The most common mental health conditions in the United States are substance abuse and anxiety/phobia disorders. Often, these two types of disorders are co-occurring, also known as dual diagnosis. In fact, having a tendency toward phobias puts us at risk for substance abuse; conversely, substance abuse puts us at risk for developing phobias. This leads to a cycle of self-medication that can quickly spiral into full-blown addiction.
Certain phobias are more likely to lead to substance abuse. For example, those of us with social phobias may be over-eager to reach for a drink at a party, feeling “saved” by this social lubricant. With each successive drink, we feel more relaxed and outgoing, until we become the life of the party. We also might abuse benzodiazepines such as Xanax, Valium, or Ativan, which are often prescribed for anxiety disorders.
Other phobias, such as agoraphobia, or fear of open spaces, can also lead to substance abuse. Those of us who suffer from this disorder are extremely reclusive. The more we fear leaving our homes, the more we turn to drugs or alcohol to alleviate our stress and anxiety. Ironically, drugs and alcohol serve only to make us more reclusive, until our lives consist of “four walls and a bottle.”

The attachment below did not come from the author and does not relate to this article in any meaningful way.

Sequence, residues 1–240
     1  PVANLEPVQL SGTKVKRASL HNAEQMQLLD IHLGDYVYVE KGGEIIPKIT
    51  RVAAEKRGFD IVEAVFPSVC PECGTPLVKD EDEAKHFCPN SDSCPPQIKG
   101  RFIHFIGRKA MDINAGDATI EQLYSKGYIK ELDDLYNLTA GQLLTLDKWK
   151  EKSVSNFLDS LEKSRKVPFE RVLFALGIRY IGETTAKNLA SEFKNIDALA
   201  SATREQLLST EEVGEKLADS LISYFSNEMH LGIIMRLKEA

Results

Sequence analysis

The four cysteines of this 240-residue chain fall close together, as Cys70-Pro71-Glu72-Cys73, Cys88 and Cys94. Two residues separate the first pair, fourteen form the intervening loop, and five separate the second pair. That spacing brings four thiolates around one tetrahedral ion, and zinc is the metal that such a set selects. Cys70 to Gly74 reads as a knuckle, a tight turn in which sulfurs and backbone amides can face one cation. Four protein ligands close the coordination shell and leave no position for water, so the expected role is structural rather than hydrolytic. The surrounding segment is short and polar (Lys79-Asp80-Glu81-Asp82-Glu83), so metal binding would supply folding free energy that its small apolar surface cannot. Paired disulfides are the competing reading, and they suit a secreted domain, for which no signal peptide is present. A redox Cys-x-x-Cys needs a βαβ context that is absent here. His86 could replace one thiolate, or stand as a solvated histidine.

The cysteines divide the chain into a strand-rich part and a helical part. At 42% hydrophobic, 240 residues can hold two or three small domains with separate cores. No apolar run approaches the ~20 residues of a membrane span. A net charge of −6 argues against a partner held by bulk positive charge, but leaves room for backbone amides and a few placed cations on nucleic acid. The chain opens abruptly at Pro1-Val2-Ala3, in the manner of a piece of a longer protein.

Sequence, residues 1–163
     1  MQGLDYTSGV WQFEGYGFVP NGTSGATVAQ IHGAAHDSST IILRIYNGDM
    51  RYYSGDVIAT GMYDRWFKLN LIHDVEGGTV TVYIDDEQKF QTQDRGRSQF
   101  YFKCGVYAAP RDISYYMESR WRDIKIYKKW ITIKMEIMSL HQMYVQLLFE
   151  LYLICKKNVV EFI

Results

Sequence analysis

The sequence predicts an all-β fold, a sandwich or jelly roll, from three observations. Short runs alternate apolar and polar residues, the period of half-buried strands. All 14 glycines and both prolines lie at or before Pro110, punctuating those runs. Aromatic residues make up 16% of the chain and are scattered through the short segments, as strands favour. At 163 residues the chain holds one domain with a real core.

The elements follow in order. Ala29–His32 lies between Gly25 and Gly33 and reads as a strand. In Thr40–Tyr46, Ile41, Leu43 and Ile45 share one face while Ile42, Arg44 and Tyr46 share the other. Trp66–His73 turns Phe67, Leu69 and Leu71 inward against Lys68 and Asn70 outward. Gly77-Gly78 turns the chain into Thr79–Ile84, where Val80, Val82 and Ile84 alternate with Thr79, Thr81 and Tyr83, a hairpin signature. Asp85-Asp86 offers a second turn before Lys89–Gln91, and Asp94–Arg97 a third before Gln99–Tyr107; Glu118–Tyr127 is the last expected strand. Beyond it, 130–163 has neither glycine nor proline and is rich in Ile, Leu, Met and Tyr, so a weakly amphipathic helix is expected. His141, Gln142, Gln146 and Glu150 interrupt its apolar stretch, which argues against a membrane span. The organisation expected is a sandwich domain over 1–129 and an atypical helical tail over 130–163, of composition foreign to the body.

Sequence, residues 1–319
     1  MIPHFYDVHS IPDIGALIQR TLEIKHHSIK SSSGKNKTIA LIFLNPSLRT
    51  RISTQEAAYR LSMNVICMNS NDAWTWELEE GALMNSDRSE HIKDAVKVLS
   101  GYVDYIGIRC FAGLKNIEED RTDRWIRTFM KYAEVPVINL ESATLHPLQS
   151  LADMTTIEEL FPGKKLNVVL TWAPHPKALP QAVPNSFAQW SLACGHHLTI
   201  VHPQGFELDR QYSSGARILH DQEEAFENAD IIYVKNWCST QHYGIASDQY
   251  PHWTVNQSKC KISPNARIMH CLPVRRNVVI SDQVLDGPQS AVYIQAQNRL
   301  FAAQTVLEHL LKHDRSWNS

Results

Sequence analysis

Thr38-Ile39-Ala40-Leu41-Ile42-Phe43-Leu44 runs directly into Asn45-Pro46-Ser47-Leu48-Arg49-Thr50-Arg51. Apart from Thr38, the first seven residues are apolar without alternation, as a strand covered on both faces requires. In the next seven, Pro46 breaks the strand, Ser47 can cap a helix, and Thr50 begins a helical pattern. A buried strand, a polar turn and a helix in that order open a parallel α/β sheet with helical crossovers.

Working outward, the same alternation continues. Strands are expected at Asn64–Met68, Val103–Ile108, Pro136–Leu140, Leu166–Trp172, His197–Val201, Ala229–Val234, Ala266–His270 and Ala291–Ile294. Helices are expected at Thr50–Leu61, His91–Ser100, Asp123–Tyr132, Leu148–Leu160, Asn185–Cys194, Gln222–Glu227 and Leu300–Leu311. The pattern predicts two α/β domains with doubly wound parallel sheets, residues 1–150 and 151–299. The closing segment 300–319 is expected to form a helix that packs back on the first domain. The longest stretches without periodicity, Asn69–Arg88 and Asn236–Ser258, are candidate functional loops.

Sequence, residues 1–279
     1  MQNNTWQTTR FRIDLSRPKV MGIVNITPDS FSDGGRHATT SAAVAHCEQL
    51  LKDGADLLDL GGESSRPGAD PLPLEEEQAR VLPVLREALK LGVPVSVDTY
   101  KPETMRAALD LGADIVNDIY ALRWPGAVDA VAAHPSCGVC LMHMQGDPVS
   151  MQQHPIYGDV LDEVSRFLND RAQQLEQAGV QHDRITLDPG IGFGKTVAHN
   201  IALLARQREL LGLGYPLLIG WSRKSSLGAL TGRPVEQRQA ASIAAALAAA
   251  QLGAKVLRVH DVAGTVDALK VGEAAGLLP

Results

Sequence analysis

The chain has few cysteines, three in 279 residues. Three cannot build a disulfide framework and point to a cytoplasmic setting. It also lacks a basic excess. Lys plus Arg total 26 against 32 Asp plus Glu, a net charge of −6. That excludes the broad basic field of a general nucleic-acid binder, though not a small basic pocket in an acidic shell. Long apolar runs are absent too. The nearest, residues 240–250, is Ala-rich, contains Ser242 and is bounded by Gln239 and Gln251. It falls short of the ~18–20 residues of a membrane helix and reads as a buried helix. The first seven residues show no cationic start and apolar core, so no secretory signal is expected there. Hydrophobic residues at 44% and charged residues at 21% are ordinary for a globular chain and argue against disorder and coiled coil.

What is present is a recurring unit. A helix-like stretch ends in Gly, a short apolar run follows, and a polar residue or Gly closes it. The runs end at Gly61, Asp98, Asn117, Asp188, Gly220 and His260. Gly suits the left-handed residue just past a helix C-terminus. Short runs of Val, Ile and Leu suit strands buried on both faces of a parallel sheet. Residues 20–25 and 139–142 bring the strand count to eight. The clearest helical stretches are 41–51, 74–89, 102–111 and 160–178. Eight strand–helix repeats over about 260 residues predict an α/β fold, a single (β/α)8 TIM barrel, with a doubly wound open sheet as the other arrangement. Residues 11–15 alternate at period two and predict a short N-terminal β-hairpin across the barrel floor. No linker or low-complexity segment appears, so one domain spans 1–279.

On the flip side, many types of substance abuse can result in phobias. Drugs such as cocaine, meth, pot, MDMA, and alcohol all can cause brain damage over time and induce phobias, paranoia, and hallucinations.
The first step in breaking this cycle of dual disorders is to enter treatment. Detoxing under medical supervision at a treatment facility is typically recommended, in order to alleviate the symptoms of withdrawal and help prevent relapse. Medications such as antidepressants may be prescribed, under careful medical supervision, to treat our phobias. Therapy is another crucial treatment for co-occurring phobia/addiction disorders.
Your treatment center will devise a tailored plan for your recovery that may include individual and group therapy, medications, drug abuse counseling, and relapse prevention, among other treatments. Regardless of which disorder occurred first, both addiction and phobias can go into remission with continued treatment, allowing you to live a happy, productive, and drug-free life.
Hope exists in recovery. Design For Change offers a refuge for addicts seeking recovery in a long term residential program with a full continuum of care options. Grounded in the 12 step philosophy, our programs focus on creating change by taking action. Call us today for information on how we are changing lives, one step at a time: (877) 267-3646